Author Topic: U2, Please: Get Up Off Your Knees  (Read 12607 times)

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Offline lucas.homem

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Re: U2, Please: Get Up Off Your Knees
« Reply #45 on: April 14, 2017, 03:21:35 PM »
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It's beneath them, and they should know it and act like it. They should be way more elitist.

Why do you think you are elit?

Offline Midnight is Where the Day Begins

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Re: U2, Please: Get Up Off Your Knees
« Reply #46 on: April 14, 2017, 04:11:45 PM »
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Recent developments such as the Kendrick Lamar collab and the JT30 Tour have made me realize how diametrically opposed U2's entire approach is to what I wish it were.

At this stage in the band's career -- with millions of albums sold and a live track record that is second to none -- U2 should not be scouring the music world searching for the hippest acts they can find in order to ingratiate themselves with kids who weren't even born when Beautiful Day came out.

It's beneath them, and they should know it and act like it. They should be way more elitist.

The coolest thing for U2 to do (or, to have been doing) is to continue making daring, artistically challenging music for their fans and touring that music in theaters and other smaller venues. They started out as an underground, hard-to-pigeonhole type of band -- kind of like a secret known to this tribe of die-hard followers. They've had unparalleled success since then, and they should do the respectable thing and naturally recede back into something more subtle and underground.

If they did, people would respect and admire them even if they're not into their music. But in a few days what will happen is a bunch of kids who like rap will be moaning about how these old guys are ruining a song by one of the best rappers out there.

I know, I know: It's too late, and U2 is what it is. But it just depresses me to see them tarnish their legacy by all this hat-in-hand pandering.

</rant>

You and me both would love if U2 just went and made music that wasn't for the masses, and that wasn't any sort of reach for relevancy. I would adore if they just put out a record because they truly think that the songs and the music are good enough to stand on it's own to anything they've done. I would love if they went and experimented more with things that were outside their comfort zones, leaving behind the 2000s U2 formula and going to find something where they don't know what it is.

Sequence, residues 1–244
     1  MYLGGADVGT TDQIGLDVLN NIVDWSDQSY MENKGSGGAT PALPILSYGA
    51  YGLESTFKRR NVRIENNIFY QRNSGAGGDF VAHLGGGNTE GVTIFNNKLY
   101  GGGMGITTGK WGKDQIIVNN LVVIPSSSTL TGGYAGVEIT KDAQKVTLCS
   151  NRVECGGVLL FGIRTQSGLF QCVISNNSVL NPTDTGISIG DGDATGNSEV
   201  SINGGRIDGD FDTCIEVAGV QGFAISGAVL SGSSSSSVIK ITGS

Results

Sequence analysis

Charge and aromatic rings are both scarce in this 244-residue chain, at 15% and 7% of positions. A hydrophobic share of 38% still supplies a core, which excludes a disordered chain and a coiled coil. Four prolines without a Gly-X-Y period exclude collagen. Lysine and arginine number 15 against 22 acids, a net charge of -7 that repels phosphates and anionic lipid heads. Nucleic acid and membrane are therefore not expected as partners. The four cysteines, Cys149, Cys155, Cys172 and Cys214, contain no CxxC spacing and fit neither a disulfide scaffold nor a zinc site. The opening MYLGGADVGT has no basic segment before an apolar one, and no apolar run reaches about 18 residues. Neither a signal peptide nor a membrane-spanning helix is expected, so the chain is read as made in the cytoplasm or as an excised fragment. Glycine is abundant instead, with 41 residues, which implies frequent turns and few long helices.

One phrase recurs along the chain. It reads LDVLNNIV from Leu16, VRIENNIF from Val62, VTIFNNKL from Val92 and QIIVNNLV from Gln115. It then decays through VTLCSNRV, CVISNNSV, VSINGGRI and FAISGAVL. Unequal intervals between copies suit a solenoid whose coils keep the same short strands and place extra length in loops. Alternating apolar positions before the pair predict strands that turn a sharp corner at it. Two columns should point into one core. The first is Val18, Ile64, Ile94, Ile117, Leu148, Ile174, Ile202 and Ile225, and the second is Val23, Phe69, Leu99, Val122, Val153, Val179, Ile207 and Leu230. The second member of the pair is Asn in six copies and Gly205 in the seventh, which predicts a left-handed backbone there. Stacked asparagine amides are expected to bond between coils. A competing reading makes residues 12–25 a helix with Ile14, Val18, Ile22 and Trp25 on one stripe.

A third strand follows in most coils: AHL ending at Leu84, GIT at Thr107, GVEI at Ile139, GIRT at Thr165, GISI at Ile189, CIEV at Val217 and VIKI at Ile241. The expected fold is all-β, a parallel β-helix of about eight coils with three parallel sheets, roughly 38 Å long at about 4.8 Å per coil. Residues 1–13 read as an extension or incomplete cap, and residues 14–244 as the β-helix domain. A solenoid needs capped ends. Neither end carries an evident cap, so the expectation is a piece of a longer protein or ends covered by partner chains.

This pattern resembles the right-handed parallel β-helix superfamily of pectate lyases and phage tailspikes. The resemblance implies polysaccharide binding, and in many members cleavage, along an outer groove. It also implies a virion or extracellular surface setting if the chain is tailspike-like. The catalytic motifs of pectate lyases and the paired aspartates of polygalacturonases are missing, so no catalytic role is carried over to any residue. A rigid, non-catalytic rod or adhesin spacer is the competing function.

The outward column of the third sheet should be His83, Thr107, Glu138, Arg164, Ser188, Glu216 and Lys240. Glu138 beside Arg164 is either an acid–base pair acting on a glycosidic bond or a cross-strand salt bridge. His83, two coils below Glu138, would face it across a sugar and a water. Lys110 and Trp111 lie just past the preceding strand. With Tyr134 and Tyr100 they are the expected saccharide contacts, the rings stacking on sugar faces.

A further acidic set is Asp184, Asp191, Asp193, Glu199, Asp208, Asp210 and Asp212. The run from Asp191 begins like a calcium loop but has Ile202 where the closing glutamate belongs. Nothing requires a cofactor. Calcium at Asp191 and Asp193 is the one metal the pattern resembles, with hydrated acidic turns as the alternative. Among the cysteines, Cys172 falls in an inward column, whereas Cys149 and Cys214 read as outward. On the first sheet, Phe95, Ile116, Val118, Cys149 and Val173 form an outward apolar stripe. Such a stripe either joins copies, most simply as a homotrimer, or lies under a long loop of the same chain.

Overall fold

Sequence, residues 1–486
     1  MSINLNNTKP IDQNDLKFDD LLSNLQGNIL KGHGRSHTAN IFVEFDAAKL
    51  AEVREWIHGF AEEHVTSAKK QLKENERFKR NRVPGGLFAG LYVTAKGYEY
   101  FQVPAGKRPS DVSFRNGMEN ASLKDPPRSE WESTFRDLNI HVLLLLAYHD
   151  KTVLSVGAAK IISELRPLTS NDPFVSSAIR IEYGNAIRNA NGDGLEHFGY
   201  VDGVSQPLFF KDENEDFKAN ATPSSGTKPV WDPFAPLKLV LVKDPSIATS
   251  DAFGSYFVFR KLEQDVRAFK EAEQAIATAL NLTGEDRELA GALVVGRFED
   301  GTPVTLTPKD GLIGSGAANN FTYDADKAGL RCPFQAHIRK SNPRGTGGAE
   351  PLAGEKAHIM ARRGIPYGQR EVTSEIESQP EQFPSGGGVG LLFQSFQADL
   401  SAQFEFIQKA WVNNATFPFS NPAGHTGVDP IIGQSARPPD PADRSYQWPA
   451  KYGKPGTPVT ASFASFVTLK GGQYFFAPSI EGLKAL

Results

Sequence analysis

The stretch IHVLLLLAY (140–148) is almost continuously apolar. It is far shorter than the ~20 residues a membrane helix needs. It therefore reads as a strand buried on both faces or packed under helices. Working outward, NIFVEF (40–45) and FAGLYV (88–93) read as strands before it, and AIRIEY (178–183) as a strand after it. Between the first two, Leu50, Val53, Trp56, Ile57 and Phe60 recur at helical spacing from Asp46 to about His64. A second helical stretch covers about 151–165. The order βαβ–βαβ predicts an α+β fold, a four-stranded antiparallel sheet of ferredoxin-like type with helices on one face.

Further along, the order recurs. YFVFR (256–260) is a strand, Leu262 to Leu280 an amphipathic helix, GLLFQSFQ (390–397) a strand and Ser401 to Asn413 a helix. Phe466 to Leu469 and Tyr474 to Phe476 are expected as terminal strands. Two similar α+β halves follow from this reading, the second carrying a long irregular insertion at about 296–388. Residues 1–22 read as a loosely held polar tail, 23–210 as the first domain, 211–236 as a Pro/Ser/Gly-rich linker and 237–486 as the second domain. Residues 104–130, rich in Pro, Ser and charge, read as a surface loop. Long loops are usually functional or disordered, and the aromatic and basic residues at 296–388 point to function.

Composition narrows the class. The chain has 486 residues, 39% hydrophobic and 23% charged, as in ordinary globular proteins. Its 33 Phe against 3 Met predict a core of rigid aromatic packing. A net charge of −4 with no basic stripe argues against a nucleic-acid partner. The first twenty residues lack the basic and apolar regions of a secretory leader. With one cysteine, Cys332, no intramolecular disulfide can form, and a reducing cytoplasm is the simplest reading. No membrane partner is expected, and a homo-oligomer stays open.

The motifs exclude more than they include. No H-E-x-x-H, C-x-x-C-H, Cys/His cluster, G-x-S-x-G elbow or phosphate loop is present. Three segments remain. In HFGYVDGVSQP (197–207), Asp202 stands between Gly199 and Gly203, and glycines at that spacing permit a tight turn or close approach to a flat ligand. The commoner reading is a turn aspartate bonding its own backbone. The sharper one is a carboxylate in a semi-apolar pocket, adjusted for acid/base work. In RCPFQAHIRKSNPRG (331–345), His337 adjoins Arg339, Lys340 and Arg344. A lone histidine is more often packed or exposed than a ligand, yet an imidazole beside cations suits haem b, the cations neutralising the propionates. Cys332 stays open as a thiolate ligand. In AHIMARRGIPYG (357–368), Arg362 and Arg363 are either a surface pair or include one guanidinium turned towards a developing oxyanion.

They've tried in the last few years to not stay 100% safe. Songs of Innocence was probably the most interesting record they've done since Pop, going deep into their personal lives, and bringing Danger Mouse on for tracks like Troubles, Raised by Wolves, and Sleep Like a Baby Tonight. Even the Kendrick Lamar appearance, I see it as being different than most. They went and made a song with a man who isn't a huge radio friendly act (He's doesn't make hip-hop for radio really, rather a lot of it is more complex and intricate), but instead a critically acclaimed one. And of all genres, they got a taste of hip hop, and it was pretty damn good in my opinion. It reminded me quite a bit like something from Pop, a Miami or a Playboy Mansion.

But yeah, the idea of bringing Ryan Tedder and others on board, the whole Apple fiasco, and now the 30th Anniversary Tour for the Joshua Tree (which still seems odd for them and how U2 originally was with that sort of thing), makes them still seem like they are pandering hard for the radio and for the older fans who love them for their so called "golden years" of Joshua Tree and its subsequent tour.

It's not the worst case scenario, far from it really, but it does seem like we'll never really see them go out and release whatever they feel like expetrimenting with. Who knows really what those sessions from Fez really ended up being? Or, how the first half of SOI would sound without Epworth and Tedder?

I still think they can do it one day, it's easier for me to wait on them because I listen to so much more music than U2 now. But I feel like the longer they go without that record I know they can do, the less of a chance of it ever happening again.

Offline Rising Sun

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Re: U2, Please: Get Up Off Your Knees
« Reply #47 on: April 15, 2017, 12:17:48 AM »
Exile,

I've read your posts on here for years and pretty much almost always agree with what you write and have been a fan of the band since 1980, so I remember when they were a secret shared only with other die-hard followers.

This is the first post of yours that feels off base to me...  U2 has such a long history of collaboration with other artists that it's hard to think of this one with Kendrick Lamar as pandering.

I remember when it felt like a victory for the band when they or Bono appeared on other artists' albums (Clannad, Robbie Robertson, T-Bone Burnett).  The list of collaborations with other artists is too long to type out, but now that they are on the verge of being elders of rock, aren't they paying forward the same types of nods that Dylan and B.B. King and Sinatra gave them when they were younger?

At what point did their history of collaborations turn into pandering?  It seems like something they enjoy doing, though I'd agree that some leave much to be desired.





 
 

Offline Ultrafly

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Re: U2, Please: Get Up Off Your Knees
« Reply #48 on: April 15, 2017, 04:12:56 AM »
There was a time when U2 set the agenda. Now they are chasing it - and missing.